They ask: Will the mayor be able to perform his duties while tied up in court? Can the city afford a leader who may be fighting to save himself from prison?

“I don’t mind defending myself,” Gray said at the ministers meeting. “This situation has been going on for three years and I haven’t been distracted.”

If the scrutiny has worn on him, the mayor retains a well-practiced poker face. There are exceptions, as at the recent news conference in which a reporter asked how he was faring.

The mayor performed his best rendition of an anguished moan. Then he burst into laughter.

“I’m going on with my life,” he said. “I’m going on with running the city.”

A focus on the base

More than a week after Thompson’s guilty plea had roiled the primary, Gray traveled to Ward 7, where he cut the ribbon at a complex of subsidized housing on Minnesota Avenue NE.

The event was not only an opportunity for the mayor to tout a project in his political base — “Ward 7 is moving!” he gushed — but also a chance for him to bask in loyalists’ adoration.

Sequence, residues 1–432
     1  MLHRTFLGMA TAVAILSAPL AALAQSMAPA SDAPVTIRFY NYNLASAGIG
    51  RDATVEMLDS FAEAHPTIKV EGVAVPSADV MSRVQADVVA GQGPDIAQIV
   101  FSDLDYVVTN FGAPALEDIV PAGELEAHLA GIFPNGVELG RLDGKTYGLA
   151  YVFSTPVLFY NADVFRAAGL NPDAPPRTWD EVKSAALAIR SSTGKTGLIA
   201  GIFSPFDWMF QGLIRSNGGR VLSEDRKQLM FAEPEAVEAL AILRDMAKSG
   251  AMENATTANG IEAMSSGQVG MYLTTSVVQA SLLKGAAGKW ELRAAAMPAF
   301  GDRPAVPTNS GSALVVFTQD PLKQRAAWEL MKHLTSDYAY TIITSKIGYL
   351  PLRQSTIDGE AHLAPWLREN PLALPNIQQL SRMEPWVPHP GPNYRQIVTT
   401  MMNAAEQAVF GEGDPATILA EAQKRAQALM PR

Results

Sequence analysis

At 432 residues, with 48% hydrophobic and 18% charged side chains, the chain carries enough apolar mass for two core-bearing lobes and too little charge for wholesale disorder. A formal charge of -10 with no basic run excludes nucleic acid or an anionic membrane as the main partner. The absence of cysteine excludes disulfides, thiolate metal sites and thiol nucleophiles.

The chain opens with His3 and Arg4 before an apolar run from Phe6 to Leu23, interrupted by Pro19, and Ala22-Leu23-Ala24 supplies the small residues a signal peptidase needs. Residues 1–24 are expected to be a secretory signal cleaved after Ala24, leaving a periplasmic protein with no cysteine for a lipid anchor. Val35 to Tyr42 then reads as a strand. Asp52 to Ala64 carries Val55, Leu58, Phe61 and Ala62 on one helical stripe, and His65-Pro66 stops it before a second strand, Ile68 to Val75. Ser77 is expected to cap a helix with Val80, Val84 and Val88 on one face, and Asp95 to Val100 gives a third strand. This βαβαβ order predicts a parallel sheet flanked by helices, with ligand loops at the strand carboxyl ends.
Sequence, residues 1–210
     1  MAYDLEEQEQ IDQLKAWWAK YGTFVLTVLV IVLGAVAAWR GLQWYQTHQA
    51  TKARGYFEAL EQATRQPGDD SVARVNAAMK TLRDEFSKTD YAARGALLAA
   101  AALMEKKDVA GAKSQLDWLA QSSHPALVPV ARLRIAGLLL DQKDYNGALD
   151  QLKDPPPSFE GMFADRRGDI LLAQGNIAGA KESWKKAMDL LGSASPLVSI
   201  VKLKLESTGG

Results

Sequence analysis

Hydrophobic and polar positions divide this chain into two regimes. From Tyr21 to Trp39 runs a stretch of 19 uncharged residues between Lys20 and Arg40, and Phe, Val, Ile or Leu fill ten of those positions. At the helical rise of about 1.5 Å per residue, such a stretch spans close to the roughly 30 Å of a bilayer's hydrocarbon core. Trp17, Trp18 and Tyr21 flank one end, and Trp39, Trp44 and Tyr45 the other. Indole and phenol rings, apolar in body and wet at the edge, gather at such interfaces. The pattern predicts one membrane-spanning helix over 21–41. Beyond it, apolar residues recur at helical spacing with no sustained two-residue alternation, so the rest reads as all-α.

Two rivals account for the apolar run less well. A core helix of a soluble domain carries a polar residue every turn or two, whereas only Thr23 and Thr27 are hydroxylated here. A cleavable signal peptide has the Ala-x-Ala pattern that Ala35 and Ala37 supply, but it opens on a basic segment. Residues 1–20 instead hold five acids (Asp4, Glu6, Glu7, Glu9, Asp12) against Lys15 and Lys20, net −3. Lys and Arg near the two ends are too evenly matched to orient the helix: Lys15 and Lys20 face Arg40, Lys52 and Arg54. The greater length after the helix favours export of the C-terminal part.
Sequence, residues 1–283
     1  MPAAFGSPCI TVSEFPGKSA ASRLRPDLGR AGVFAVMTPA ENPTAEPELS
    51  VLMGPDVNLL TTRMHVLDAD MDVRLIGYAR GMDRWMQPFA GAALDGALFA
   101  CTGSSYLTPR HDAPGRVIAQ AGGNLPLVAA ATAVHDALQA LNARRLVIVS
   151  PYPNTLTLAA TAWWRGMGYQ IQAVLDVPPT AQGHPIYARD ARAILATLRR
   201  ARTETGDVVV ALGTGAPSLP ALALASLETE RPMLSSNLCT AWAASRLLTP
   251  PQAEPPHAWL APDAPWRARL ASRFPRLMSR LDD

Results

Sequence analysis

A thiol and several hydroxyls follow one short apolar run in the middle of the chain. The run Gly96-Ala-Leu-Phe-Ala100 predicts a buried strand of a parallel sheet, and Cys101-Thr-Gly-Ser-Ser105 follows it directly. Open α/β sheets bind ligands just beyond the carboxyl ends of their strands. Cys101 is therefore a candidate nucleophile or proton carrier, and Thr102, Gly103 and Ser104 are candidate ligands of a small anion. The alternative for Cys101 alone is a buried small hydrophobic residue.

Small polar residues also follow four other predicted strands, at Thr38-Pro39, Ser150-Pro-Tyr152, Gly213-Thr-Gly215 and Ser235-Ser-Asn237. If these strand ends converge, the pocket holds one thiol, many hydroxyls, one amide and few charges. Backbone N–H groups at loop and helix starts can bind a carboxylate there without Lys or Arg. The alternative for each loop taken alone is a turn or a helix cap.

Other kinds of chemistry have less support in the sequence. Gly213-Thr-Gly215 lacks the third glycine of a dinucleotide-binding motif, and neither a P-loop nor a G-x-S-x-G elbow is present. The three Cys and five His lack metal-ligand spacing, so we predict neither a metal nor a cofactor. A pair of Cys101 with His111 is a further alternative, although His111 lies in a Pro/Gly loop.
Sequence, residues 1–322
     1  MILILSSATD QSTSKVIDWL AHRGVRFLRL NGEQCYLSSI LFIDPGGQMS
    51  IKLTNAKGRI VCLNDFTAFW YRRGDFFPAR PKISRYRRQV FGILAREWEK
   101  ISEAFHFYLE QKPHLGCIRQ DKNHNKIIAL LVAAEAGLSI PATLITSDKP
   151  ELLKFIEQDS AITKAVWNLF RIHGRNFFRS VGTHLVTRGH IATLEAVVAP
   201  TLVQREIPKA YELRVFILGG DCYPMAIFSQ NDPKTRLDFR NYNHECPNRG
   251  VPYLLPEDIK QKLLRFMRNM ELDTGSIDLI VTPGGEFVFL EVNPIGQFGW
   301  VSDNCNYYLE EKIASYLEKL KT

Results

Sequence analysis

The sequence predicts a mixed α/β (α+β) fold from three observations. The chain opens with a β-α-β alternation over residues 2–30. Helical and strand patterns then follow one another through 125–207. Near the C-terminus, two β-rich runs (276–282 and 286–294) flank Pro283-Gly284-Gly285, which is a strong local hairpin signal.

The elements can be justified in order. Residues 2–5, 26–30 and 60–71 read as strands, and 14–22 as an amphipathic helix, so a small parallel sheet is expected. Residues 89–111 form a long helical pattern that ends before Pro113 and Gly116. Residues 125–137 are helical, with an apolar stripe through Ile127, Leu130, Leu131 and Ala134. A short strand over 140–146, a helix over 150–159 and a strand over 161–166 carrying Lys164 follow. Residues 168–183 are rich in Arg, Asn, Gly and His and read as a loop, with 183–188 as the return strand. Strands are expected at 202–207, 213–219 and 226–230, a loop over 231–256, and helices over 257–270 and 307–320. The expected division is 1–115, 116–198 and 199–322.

“You never see his enthusiasm wane,” Victor L. Hoskins, a deputy mayor, told the audience as his boss listened from the first row. “He loves this city; he loves what he’s doing; we love doing it with him. We salute you.”

Two days later, the mayor traveled to a church in Barry’s Ward 8, where the council member and former mayor declared him “a man of integrity” and endorsed him. Not to be outdone, C. Matthew Hudson, the church’s pastor, anointed Gray “the best mayor this side of heaven.”

Chuck Thies, Gray’s campaign manager, has said the mayor has citywide support. Yet in 2010, Gray relied on an overwhelming turnout on the city’s east side to defeat incumbent Adrian M. Fenty.